• Anyone inside and outside our company can access our Speak Up service

Update 2016:

Our Sustainability Report contains a section on Human Rights.

What provisions does your company have in place to ensure that grievances from workers and affected communities or individuals are heard, and can you provide examples of remedies provided?

Employees with concerns or who are affected have various options to speak up:

  • Contact a trusted representative;
  • Send an email to our Business Conduct team;
  • Call the Integrity Line managed by an external and independent party;
  • Go online to our Speak Up service and file a report.

Anyone outside the company can access the Speak Up service as well and file a report.

Appropriate corrective and preventative actions are taken depending on the nature and outcome of each case. These actions may take the form of process and control improvements, recollection of any financial loss and/or disciplinary measures.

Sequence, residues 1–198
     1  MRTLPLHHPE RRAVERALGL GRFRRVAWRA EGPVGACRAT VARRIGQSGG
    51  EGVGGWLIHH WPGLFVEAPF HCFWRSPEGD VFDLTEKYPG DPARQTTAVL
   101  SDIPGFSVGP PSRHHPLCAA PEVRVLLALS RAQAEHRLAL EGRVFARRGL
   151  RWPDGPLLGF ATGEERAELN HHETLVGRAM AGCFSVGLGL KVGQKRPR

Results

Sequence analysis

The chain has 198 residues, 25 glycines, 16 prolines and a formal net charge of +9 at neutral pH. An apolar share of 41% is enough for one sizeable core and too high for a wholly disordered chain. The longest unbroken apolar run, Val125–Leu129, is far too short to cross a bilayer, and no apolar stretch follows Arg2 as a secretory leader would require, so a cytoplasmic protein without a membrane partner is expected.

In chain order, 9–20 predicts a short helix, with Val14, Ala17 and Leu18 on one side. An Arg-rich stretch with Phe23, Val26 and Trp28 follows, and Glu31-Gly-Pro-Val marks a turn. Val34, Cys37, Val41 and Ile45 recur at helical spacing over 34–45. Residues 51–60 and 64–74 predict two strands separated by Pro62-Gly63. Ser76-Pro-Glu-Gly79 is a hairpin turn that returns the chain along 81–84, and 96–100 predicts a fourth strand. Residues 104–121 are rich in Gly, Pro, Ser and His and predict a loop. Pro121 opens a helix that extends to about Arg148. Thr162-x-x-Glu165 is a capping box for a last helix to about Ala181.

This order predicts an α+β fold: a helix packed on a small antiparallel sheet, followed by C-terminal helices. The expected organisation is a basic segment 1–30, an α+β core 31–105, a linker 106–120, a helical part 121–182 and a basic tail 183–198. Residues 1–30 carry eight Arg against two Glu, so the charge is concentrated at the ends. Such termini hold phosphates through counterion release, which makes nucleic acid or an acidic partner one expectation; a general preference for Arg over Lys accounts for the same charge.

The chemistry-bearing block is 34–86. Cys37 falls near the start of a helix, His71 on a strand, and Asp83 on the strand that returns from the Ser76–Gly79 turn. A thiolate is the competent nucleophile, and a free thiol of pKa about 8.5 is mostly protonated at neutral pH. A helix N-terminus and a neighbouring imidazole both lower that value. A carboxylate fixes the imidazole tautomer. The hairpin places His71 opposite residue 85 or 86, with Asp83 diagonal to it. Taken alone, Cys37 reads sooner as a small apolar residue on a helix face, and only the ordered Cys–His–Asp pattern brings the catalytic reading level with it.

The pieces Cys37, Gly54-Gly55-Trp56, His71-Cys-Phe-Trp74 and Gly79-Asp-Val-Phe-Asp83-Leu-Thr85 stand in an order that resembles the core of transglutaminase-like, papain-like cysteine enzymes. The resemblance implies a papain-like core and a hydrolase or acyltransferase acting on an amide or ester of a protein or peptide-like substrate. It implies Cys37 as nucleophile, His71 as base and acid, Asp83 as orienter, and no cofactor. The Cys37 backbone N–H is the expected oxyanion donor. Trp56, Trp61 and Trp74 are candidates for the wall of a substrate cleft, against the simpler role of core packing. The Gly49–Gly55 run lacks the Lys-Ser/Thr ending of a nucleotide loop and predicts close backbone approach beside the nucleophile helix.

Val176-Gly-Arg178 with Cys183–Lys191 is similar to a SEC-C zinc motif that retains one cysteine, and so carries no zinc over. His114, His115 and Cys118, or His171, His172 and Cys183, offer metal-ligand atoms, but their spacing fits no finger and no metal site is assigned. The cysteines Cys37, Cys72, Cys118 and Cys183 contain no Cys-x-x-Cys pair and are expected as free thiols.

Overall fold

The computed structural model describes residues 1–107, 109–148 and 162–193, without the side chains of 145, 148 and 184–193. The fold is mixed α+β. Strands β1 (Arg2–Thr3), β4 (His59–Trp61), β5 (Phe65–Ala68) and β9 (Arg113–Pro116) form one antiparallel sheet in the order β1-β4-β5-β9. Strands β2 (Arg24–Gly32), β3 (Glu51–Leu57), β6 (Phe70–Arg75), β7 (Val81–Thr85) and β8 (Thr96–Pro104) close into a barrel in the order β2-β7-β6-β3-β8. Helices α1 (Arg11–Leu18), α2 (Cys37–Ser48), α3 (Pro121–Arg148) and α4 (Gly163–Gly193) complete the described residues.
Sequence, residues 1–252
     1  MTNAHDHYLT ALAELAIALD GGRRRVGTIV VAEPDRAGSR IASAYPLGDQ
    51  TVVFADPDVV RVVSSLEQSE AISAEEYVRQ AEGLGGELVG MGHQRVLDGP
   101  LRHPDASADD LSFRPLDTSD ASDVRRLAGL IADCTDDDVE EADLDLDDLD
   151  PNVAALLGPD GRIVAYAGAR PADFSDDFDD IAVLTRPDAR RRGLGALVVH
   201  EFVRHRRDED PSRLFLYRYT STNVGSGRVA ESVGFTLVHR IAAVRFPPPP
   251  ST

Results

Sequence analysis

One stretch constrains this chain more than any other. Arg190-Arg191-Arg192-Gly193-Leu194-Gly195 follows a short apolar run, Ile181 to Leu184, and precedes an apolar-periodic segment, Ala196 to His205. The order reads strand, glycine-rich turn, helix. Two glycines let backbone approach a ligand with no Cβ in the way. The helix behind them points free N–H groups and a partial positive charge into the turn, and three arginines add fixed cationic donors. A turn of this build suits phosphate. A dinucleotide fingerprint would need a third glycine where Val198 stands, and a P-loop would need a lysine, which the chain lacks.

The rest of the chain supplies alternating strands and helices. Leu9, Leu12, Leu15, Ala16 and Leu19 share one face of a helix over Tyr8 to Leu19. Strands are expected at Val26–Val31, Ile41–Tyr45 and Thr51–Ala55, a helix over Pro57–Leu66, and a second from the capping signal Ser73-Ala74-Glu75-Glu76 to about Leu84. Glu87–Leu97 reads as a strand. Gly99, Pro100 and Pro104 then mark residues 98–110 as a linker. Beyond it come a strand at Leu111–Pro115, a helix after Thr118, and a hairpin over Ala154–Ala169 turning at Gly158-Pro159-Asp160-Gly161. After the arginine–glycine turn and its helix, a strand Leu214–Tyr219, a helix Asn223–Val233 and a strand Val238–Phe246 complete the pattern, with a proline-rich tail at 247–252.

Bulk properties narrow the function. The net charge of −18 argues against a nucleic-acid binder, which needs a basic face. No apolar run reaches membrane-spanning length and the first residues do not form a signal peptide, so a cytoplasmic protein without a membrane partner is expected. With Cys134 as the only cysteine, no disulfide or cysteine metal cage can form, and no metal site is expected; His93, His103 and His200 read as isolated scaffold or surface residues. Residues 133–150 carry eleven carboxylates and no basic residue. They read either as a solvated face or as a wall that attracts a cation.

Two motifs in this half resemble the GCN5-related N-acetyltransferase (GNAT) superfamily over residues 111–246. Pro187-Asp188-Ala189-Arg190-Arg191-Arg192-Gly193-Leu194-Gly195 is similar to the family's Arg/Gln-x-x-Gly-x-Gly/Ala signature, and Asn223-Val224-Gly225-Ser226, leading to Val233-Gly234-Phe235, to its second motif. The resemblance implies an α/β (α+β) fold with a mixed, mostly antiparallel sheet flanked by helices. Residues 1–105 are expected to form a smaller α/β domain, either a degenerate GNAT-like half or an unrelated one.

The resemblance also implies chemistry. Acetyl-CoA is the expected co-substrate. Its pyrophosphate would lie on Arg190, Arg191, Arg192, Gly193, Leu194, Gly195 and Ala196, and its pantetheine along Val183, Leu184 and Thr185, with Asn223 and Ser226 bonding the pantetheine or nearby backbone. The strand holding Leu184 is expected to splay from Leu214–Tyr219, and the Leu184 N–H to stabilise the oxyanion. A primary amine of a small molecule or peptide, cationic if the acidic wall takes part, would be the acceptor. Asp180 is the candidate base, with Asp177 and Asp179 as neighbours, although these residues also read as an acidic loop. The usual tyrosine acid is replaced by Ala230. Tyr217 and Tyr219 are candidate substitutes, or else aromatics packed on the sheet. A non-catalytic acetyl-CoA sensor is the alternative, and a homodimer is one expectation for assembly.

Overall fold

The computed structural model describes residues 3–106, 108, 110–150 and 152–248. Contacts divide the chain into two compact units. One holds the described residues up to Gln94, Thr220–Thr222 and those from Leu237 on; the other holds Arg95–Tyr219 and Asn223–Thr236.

Another example is the work we do for a specific group: beer promoters. The promotion and sale of beer in bars and restaurants by professional, female beer promoters is an accepted practice in some Asian countries. However, beer promoters are also subjected to potential health and safety risks, which include harassment, drinking alcohol with customers or even violence. As founding member of the Beer Selling Industry Cambodia (BSIC) (with the support of NGO Care Cambodia) we actively support the health, safety and working conditions of beer promoters via an industry code of conduct for both promoters and external parties such as their employees and bar owners. This includes:

  • A written employment contract
  • Fixed salary
  • Clear supervision structures and grievance procedures
  • Decent, branded uniforms
  • Transportation and driver policies
  • ‘Selling Beer Safely’ and life skills training
  • Zero tolerance approach and policies towards harassment